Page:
The recession puts a lot of pressure on employees: they may have escaped redundancy, but they're often being asked to work harder for no extra reward. This added stress can drive up the absence rate - and unless it's handled carefully, may even result in dire consequences, as we've seen with France Telecom across La Manche. So MT asked Bruce Robinson, CEO of absence management specialists Active Health Partners, for his top tips on how to address absenteeism - and its causes.
1. Communicate frequently
Make sure you talk regularly with staff, both to keep them informed about what's going on within the company – especially important during the current climate as staff feel vulnerable and fear for their jobs – and to facilitate an informal open door policy to encourage employees to discuss any issues they may have. Ensure they understand your health and wellbeing policy, and are aware of any support services that you may have in place such as an Employee Assistance Services. Staff are often unaware of the service provided to support them.
2. Set clear goals and objectives and review these regularly
Make sure employees are clear about what is expected of them by setting defined tasks and workloads. Make sure that they have the support needed, with realistic deadlines and targets, and give staff as much control as possible over their own development; involve them in setting their goals, decision making and prioritising tasks.
3. Be flexible
Within reason, allow staff to take time away from work to deal with personal and family concerns. Although the working environment can be difficult, it needs to be assumed that home life can be just as difficult, especially during a recession where there may be additional pressures.
4. Treat stress-related absence like any organisational risk
Carry out a risk assessment to identify the hot spots, such as unmanageable workloads, fear of job losses and lack of employee control, to understand and manage any issues. Involve employees and managers to put in place steps to minimise or eliminate these risks. The HSE’s Stress Management Standards provide a useful starting point to help employers understand the issues around stress and minimise effects in their business.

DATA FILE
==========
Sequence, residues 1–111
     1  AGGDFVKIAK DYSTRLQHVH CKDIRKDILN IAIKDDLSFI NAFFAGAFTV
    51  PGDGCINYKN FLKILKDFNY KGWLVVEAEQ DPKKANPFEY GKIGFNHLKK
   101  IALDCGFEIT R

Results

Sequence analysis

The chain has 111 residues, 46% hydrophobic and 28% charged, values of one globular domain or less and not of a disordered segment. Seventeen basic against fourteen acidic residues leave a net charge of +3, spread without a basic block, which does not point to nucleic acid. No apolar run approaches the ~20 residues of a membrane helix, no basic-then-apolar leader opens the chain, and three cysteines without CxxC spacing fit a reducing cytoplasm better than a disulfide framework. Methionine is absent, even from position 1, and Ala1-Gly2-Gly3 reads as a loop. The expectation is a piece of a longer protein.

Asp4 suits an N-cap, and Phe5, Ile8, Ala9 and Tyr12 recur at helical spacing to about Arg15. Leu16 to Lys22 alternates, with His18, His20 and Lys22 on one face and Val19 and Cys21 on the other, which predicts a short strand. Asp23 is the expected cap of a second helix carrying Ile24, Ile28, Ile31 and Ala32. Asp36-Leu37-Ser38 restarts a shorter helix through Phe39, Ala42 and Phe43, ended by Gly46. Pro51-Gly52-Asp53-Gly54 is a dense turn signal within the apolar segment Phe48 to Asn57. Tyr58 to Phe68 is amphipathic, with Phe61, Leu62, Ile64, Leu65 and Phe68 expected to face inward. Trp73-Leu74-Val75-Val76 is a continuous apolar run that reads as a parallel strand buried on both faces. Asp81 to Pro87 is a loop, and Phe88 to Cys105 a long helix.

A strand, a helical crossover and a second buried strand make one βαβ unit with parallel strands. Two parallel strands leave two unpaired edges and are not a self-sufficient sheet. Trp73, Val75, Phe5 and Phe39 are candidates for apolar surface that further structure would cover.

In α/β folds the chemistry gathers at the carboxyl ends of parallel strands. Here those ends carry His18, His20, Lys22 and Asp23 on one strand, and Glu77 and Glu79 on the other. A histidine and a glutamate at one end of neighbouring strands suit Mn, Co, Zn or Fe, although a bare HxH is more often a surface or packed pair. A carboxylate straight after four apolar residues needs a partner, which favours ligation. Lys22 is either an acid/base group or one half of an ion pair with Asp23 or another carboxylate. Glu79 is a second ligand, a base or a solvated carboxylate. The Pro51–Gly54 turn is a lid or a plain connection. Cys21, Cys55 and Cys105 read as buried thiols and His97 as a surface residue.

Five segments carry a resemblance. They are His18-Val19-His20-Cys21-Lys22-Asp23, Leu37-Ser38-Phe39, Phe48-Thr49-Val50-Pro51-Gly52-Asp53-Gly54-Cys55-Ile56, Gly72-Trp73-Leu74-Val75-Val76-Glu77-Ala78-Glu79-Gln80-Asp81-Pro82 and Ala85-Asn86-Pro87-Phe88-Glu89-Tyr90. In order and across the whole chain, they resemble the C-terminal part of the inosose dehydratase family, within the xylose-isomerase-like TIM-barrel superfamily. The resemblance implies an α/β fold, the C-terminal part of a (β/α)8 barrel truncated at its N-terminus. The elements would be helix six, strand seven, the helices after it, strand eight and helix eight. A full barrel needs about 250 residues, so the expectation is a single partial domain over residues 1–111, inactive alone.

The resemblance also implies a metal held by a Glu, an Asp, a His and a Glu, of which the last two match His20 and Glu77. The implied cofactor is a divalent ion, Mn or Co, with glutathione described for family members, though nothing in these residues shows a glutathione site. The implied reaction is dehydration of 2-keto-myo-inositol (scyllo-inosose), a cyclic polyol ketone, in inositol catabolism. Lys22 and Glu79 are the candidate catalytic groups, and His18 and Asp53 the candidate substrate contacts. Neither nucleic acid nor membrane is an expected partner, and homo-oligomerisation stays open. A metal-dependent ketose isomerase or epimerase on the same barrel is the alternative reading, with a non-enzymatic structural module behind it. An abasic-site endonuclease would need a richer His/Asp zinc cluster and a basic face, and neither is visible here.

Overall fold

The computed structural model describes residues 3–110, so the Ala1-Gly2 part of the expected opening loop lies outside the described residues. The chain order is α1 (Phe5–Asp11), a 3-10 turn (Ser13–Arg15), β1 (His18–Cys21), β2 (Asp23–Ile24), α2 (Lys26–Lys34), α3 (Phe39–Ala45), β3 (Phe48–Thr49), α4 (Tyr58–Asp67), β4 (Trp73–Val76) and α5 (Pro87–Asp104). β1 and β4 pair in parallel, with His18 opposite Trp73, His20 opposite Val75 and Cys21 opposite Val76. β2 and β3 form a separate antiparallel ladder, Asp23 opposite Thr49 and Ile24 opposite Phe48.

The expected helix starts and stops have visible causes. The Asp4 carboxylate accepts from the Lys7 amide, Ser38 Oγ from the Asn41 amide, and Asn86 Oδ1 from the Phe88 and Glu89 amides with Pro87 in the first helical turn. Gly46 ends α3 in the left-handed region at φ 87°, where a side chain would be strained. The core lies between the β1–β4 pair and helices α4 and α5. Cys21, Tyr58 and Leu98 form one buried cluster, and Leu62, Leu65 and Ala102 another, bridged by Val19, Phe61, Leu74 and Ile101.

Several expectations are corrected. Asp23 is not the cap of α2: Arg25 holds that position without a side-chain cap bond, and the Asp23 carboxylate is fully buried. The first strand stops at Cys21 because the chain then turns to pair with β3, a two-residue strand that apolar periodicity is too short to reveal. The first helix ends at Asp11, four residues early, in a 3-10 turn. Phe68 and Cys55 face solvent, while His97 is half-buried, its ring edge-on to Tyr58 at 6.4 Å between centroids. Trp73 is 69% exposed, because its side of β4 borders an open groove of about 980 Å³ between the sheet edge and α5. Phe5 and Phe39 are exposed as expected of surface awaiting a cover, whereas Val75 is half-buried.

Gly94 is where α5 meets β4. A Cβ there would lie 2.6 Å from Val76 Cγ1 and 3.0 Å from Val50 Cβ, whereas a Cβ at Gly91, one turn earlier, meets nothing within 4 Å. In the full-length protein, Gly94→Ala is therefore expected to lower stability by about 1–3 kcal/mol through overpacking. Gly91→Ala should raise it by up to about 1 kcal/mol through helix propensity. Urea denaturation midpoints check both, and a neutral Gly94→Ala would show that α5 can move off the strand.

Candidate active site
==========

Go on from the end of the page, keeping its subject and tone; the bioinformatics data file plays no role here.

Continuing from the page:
5. Always conduct a return to work interview when someone has been off sick
These are an opportunity to brief employees on what has happened in their absence, and provides a chance to discuss any ongoing work-related or personal problems that may have led to their absence. The role of line managers is very important when developing good management practice, ensuring return to work interviews are carried out.
6. Set ‘triggers’ to identify patterns
For example, if someone has a number of absence spells within a certain period of time, their manager should be aware and have an in-depth interview with them to ascertain whether there is an underlying reason, and then work together to develop an action plan that addresses the root cause of the absences.
7. Keep up-to-date records
This will help identify episodes of particularly high absence and corresponding periods of demanding workloads. Having up to date comprehensive data will also help prevent anyone from falling between the cracks. Being able to recognise when the next high-pressured period will occur allows steps to be taken to support employees and minimise the impact during this time.
8. Encourage and support employee management practices
Put in place mechanisms to help alleviate any work-related sickness. Encourage employees to have a healthy lifestyle and offer training on various topics such as how to take care of themselves and others in matters relating to health and safety at work, time management and assertiveness.
9. Provide a sensible work/life balance
Offering employees a the choice to work flexible hours that match their lifestyle, whilst meeting the needs of the business, gives employees a sense of ownership and control.
10. Create a culture of openness with accessible managers
Absence - particularly stress-related - can carry a stigma, which may discourage staff from admitting to suffering from illness or stress. Give managers the correct training to deal with any problems sensitively, and communicate to staff that it is not a sign of weakness to admit that they are unable to cope.
Bruce Robinson is the CEO of absence management specialists Active Health Partners. As always, if you have anything to add, please do so below.